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Biotechnology Development: Neglect EU, adopt safe practices – NBMA boss

By Etta Michael Bisong

Abuja

Stakeholders comprising representatives of the National Biosafety Management Agency (NBMA), Open Forum on Agricultural Biotechnology (OFAB), Biosafety Association of Nigeria (BAN), Monsanto and the National Biotechnology Development Agency (NABDA) at a workshop organised by Journalists for Social Development Initiative (JSDI) in Abuja

Stakeholders comprising representatives of the National Biosafety Management Agency (NBMA), Open Forum on Agricultural Biotechnology (OFAB), Biosafety Association of Nigeria (BAN), Monsanto and the National Biotechnology Development Agency (NABDA) at a workshop organised by Journalists for Social Development Initiative (JSDI) in Abuja

The Director General and Chief Executive Officer of the National Biosafety Management Agency (NBMA), Sir Rufus Ebegba, has discredited and urged Nigeria to disassociate from  the campaign championed by most countries under the European Union (EU) against the use of genetically modified organisms (GMOs) and modern biotechnology practices.

The Agency’s helmsman dismissed the anti-GMOs campaigners on the premise and lack of scientific evidence to back up their claims.

Sir Ebegba, who gave the advice at a workshop on “Role of Media in Promoting Biosafety Regulations & Biotechnology Development in Nigeria” organised by Journalists for Social Development Initiative (JSDI) in Abuja, explained that genetically modification of organisms generally involves the manipulation of genes to achieve specific trait, and not synthetic or manufactured materials as portray by those that are not in suppose of the technology.

“Europe should not be used as a model,” he said. “We should adopt technologies that are safe for Africa and our nation.”

Although GMOs are widely grown in many parts of the world, the topic is fraught with contention in Europe due to public health and environmental concerns. Austria, Belgium for the Wallonia region, Britain for Scotland, Wales and Northern Ireland, Bulgaria, Croatia, Cyprus, Denmark, France and Germany are among the EU countries that have “opted out” of growing GM crops within all or part of their territories. Others include Greece, Hungary, Italy, Latvia, Lithuania, Luxembourg, Malta, the Netherlands, Poland and Slovenia.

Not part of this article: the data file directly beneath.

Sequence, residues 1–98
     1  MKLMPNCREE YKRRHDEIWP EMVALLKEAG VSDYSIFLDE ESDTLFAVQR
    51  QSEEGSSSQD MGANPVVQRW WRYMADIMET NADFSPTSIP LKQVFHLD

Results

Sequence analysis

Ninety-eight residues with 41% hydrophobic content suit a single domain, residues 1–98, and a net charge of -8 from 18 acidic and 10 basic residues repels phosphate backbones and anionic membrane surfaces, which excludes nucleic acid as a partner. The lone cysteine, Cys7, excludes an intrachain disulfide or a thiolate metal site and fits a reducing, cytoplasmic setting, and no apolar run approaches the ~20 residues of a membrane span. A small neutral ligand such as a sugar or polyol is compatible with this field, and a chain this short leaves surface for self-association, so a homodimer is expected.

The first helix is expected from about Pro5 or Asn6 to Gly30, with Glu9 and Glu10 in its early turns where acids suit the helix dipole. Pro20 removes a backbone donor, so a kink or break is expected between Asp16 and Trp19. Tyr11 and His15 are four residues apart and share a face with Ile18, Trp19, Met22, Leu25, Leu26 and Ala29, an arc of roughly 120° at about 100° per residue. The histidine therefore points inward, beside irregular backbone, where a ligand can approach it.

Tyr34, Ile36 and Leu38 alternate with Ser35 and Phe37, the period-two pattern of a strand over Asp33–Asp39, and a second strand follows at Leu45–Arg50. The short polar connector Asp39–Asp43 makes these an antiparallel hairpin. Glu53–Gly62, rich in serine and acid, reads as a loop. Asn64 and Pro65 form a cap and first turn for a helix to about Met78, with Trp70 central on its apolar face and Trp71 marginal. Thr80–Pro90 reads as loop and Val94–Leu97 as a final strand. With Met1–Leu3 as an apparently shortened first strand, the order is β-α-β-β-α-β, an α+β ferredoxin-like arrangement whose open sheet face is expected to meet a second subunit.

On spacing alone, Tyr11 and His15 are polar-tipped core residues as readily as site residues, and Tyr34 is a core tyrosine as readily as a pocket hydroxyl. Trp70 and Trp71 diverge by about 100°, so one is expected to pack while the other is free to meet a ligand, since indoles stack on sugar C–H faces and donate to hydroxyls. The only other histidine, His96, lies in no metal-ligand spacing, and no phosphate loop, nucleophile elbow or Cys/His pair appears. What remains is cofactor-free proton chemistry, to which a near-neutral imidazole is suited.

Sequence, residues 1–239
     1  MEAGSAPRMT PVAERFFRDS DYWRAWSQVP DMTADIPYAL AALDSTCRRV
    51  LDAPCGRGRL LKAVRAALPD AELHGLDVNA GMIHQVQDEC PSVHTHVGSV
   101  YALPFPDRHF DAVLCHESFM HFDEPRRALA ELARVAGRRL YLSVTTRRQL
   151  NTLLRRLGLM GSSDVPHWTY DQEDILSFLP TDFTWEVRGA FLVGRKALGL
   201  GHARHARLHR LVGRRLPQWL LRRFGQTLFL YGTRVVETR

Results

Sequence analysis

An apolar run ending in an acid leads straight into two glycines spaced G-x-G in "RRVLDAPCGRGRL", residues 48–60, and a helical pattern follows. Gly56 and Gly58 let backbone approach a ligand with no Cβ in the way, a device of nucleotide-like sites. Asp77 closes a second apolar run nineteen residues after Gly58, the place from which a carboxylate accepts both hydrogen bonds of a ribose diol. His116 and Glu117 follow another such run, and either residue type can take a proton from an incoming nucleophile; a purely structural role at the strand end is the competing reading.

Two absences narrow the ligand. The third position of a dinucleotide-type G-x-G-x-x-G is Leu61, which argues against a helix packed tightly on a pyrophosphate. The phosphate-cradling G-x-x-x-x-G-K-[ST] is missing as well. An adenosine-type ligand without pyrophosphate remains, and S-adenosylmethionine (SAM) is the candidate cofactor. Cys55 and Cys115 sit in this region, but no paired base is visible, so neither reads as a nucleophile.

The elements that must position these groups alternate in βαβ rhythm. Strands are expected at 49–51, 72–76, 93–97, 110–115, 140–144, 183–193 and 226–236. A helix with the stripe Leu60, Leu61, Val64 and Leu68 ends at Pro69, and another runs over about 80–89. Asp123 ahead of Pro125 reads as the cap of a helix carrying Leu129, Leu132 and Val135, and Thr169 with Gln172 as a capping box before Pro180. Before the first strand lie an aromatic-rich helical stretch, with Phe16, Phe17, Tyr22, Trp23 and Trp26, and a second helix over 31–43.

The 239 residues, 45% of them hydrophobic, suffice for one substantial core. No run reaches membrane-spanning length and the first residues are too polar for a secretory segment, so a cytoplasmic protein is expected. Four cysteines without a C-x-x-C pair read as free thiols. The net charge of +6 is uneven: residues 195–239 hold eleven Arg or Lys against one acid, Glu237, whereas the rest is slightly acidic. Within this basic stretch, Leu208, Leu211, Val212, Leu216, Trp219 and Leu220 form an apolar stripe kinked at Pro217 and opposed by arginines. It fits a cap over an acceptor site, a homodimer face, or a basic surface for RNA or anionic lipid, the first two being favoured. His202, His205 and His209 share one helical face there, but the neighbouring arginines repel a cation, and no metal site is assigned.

Aside the discrepancies against GM activities, well over 70 million Nigeria’s farmers are estimated of benefit from the potentials of modern biotechnology if properly deployed and regulated to foster socio-economic growth. Additionally, it’s also projected that the practice of modern biotechnology under the supervision of a vibrant regulatory regime has the capacity to generate over 25, 000 jobs annually across the country.

Nigeria been heterogeneous in composition and largely relies on the dwindling oil revenue for development must look into other alternative sources of generating income to compliment growth.

“If our conventional methods of doing things are failing us,” Sir Ebegba said, “we must move to advanced methods to facilitate our national development.”

The Director General of the National Biotechnology Development Agency (NABDA) and guest speaker at the occasion, Prof. Lucy Ogbadu, hinted that biotechnology has been used for more than two decades without record of a single documented Safety concern.

“Nigeria cannot afford to be left out in the global Agricultural Biotechnology revolution,” she said.

The DG, in her paper titled – Bridging the Knowledge Divide: Role of Bioscience Communication, said the immense benefits derivable from modern biotechnology are globally acknowledged and they are as varied as the vast scope of the technology itself dating back to the first, second and third generation versions.

Prof. Ogbadu, while reiterating her Agency’s commitment and determination to promote the use of GMOs and biotechnology practices, pledged to work collectively to improve the communications environment, including the use of the latest as well as traditional communication strategies to ensure effectiveness.

“We are going to work inclusively, with all stakeholders, even those opposed to this technology, in an effort to build consensus and common understanding,” the NABDA boss asserted.

With well over 100 participants, the workshop attracted stakeholders from civil society organisations (CSOS), media, farmers, businessmen and women, as well as public and the private sector.

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